Coming out - by Cathal McGuigan
For many, Pride is a very important time of the year, being a time when the visibility of the LGBT community can bring hope to many people struggling with themselves, as well as reminding us of how far we have come as a community since the days of Stonewall, and even since the Asher’s bakery incident. Pride is a time that reminds us to be proud of who we are, and that even in the North of Ireland there is still massive support for LGBT rights.
However, despite the general acceptance the LGBT community faces from wider society, due to archaic laws that ignore basic human rights, same sex couples are still unable to proclaim their love publicly through marriage. This can be seen as one of the many ways in which partition has hurt the people of the North, as same sex couples in the South of Ireland are able to express their love through marriage.
Politicians who are meant to represent us view the LGBT society as an abomination, or to paraphrase Iris Robinson, “worse than child abuse”, while Arlene Foster wrote to the Scottish Government in 2015 to urge ministers to block same sex couples from the North from going to Scotland to convert civil partnerships to marriages. Gay men are still prohibited from giving blood. In the land of the Conscience Clause, the LGBT community suffers under people who view modern day issues from the moral standpoint of the Stone Age.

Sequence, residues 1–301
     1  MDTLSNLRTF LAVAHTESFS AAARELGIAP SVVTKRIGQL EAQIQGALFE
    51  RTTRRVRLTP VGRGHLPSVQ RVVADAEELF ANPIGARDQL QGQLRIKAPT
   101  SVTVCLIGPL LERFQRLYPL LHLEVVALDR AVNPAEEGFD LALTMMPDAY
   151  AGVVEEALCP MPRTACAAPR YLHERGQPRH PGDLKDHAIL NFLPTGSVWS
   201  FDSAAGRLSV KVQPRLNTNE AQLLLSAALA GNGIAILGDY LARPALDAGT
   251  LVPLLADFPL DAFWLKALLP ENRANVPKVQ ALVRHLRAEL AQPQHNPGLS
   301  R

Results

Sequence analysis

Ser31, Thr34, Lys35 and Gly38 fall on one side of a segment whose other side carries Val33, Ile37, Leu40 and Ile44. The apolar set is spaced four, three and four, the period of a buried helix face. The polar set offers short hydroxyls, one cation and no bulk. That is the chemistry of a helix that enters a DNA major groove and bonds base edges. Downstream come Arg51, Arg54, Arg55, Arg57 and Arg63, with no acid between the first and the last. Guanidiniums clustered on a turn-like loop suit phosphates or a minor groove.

39% of LGBT people have experienced homophobic attacks, as well as our LGBT youth facing bullying at school, and having to seek medical help as a result of depression, self-harm and suicidal thoughts. The Trans community also faces heightened issues of homelessness on account of unaccepting families and communities as well as gatekeeping from necessary treatment.
We Republicans have been brought up on the ideals of cherishing every child of our nation equally. As Republicans we feel the pain of our LGBT comrades languishing under political Unionism which would seek to make us hide, and the British government which aides and abets the DUP in prolonging this suffering. We must stand with the community to make a better and accepting Ireland for all its children.
- Cathal McGuigan